On return from that holiday the weather in London had just gotten colder and we were back to the layers, watching the snow fall and skiddy stroller walks to the shops. As March arrived and Carrie turned 6 months the weather brightened up and we had some trips out, including to the aquarium with a little friend. I was starting to plan what we would be doing over the Easter break with the nicer weather and another trip up north to see friends and family who hadn’t met Carrie yet.

And then there was another cold snap, and everyone got a bit ill. Carrie too got her first proper cold of the winter. A snotty nose and a raspy throat for which I took her to the doctors just to check her chest. We were sent home. ‘It was just a cold,’ I was told, but that it was good to check. By the end of the week, although she had been fairly bright in herself, I just wanted her to be checked again before the weekend as she was still a bit groggy and her chest still sounded raspy to me. This time the doctor told me to take her to pediatric ER, just to have her checked over as he suspected bronchiolitis. We went along and Carrie was seen very quickly and was given various tests and checks. It was agreed it was almost certainly bronchiolitis and that she would need to be kept in for a couple of days for treatment and observation, but nothing to worry about. This was completely routine and very common at this time of year.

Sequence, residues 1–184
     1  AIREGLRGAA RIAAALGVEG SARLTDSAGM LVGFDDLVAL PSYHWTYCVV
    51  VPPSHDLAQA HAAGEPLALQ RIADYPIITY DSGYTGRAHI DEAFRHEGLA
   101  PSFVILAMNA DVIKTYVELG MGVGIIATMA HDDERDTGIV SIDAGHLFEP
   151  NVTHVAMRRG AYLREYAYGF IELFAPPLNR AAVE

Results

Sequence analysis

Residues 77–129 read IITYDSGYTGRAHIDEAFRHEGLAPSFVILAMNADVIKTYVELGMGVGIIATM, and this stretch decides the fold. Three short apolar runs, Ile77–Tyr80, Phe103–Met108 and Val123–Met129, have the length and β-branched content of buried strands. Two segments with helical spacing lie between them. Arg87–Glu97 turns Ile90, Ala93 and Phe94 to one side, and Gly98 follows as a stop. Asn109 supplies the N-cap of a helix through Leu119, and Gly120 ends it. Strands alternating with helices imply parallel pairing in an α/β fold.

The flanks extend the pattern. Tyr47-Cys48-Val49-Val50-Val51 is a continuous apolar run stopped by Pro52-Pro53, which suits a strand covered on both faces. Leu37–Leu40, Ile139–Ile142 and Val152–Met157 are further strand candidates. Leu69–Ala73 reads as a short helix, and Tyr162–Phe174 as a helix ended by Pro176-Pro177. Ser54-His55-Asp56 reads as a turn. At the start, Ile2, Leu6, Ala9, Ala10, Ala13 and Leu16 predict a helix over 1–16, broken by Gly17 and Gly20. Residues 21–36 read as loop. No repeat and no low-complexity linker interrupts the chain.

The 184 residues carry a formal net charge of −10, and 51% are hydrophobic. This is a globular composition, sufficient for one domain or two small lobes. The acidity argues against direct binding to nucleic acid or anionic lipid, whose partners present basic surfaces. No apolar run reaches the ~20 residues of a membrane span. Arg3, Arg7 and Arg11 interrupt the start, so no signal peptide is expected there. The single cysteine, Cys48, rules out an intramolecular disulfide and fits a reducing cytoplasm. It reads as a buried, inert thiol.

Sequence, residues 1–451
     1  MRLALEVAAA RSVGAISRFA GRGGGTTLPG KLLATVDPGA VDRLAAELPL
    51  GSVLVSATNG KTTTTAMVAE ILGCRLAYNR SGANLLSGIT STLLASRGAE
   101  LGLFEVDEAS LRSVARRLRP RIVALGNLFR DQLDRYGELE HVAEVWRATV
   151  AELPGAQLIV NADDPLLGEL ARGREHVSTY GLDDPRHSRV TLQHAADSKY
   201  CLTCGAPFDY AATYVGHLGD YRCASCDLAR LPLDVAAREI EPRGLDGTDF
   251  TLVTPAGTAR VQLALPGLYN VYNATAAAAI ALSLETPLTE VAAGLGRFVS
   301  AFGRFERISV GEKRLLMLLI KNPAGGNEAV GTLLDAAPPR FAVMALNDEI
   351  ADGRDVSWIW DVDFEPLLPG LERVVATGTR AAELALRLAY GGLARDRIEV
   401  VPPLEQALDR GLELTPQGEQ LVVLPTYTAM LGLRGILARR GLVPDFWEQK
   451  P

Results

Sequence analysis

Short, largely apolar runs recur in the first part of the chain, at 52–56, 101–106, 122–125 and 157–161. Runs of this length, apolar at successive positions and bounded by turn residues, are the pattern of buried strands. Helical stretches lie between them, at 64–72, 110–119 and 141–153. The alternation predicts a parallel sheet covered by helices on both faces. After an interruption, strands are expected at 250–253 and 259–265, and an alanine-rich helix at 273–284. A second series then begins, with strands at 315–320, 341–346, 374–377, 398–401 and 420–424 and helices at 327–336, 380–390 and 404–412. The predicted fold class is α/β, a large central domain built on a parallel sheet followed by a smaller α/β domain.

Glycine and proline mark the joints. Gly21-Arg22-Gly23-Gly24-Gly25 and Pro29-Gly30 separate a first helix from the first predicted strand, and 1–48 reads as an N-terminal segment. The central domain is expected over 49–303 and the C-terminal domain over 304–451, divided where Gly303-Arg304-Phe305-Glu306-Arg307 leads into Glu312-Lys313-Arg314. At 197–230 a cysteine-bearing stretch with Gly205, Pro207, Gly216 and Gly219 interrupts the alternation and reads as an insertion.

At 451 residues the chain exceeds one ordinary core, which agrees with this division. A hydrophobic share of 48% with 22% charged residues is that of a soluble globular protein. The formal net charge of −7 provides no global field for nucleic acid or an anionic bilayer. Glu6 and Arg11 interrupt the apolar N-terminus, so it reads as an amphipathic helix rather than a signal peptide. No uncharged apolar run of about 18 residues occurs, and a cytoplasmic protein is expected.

Courtesy of Charlotte Fisher

I stayed in with her overnight and she slept a little, and was monitored. Although she was very tired and grumpy no one seemed to say they were overly concerned. My husband arrived back at the hospital early the next morning (only one parent was allowed to stay on the children’s ward) and I was having some breakfast when the consultant came around to do his first round of the day. But before he’d even had chance to do much checking at all, Carrie became distressed. And then she arrested. And then she died.

Just like that. And our lives broke.

Courtesy of Charlotte Fisher

The shock of a loss like this is just so… well there is no other word actually. It’s beyond shocking. We came home that night, having spent the rest of the day at the hospital holding our darling girl for the last time, with empty arms. I walked back into the house that I had left with her just over 24 hours before, but now without her. How could that be? She’d been here with me, literally by my side since September…it was now the end of March and she was gone? That’s not right, that’s not ok. Who is going to sort this out? Make this right? We quickly found out that it would be no one.

The days and weeks that followed were of course completely surreal, devastating, living in a nightmare world. The biggest thing that I struggled with (in this grief and deep dark sadness) was a strange and unhealthy thought process that ‘of course this is what would happen to us.’ I’ll explain why as I know it upset my husband, family and friends whenever I said it.